Look for dirty spots in your insulation, which often indicate holes where air leaks into and out of your house. You can seal the holes with low-expansion spray foam made for this purpose.
Look for dirty spots on your ceiling paint and carpet, which may indicate air leaks at interior wall/ceiling joints and wall/floor joists. These joints can be caulked.
Install storm windows over single-pane windows or replace them with more efficient windows, such as double-pane. See Windows on page 18 for more information.
When the fireplace is not in use, keep the flue damper tightly closed. A chimney is designed specifically for smoke to escape, so until you close it, warm air escapes—24 hours a day!
For new construction, reduce exterior wall leaks by installing house wrap, taping the joints of exterior sheathing, and comprehensively caulking and sealing the exterior walls.
Use foam sealant around larger gaps around windows, baseboards, and other places where warm air may be leaking out.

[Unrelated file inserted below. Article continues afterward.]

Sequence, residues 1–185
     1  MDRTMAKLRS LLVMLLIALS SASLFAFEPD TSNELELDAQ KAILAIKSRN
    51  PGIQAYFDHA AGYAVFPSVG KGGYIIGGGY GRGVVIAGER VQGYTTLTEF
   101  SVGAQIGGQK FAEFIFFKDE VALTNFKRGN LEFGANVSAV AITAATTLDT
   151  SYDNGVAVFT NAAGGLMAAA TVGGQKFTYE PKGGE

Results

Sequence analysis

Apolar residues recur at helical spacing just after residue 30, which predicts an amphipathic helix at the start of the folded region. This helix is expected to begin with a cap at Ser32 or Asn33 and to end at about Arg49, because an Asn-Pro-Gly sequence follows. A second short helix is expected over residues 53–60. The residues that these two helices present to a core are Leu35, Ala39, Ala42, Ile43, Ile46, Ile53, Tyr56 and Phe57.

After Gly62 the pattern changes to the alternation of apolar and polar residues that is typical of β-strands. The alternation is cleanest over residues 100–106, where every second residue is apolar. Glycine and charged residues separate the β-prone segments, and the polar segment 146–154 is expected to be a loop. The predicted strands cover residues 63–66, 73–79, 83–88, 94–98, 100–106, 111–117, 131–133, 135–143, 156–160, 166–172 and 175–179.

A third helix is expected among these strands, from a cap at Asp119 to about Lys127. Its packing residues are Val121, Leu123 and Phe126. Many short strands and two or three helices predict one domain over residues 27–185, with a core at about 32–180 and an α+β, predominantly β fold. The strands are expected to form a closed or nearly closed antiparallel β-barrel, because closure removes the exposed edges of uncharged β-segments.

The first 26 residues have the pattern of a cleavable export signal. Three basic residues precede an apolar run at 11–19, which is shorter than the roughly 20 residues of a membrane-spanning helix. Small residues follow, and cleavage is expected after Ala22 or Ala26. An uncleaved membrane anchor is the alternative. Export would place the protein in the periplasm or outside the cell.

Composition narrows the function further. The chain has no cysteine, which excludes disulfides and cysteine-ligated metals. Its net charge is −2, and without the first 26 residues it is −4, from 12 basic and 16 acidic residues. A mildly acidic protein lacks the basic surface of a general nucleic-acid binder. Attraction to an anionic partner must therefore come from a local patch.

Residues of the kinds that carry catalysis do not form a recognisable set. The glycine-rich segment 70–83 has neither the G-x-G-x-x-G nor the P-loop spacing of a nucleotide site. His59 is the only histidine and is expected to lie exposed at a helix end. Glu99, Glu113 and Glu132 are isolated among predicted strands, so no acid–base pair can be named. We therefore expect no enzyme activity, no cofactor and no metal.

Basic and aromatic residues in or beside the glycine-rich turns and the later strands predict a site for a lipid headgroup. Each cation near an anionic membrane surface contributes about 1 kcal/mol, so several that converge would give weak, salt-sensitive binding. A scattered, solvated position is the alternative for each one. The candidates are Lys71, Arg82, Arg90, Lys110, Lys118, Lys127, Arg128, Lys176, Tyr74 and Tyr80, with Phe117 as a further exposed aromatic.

Kitchen exhaust fan covers can keep air from leaking in when the exhaust fan is not in use. The covers typically attach via magnets for ease of replacement.
Replacing existing door bottoms and thresholds with ones that have pliable sealing gaskets is a great way to eliminate conditioned air leaking out from underneath the doors.
Fireplace flues are made from metal, and over time repeated heating and cooling can cause the metal to warp or break, creating a channel for hot or cold air loss. Inflatable chimney balloons are designed to fit beneath your fireplace flue during periods of non-use. They are made from several layers of durable plastic and can be removed easily and reused hundreds of times. Should you forget to remove the balloon before making a fire, the balloon will automatically deflate within seconds of coming into contact with heat.
Sources of Air Leaks in Your Home
Areas that leak air into and out of your home cost you lots of money. Check the areas listed below.
Water and furnace flues
Electrical outlets and switches
Plumbing and utility access
Scotts Contracting is available to assist you in improving your Home or Business Energy Demands. Please use this form to Contact Scotty, Scotts Contracting to schedule a FREE Energy Analysis for your Property.
Heating and cooling account for 50 to 70% of the energy used in the average American home. Inadequate insulation and air leakage are leading causes of energy waste in most homes. Insulation: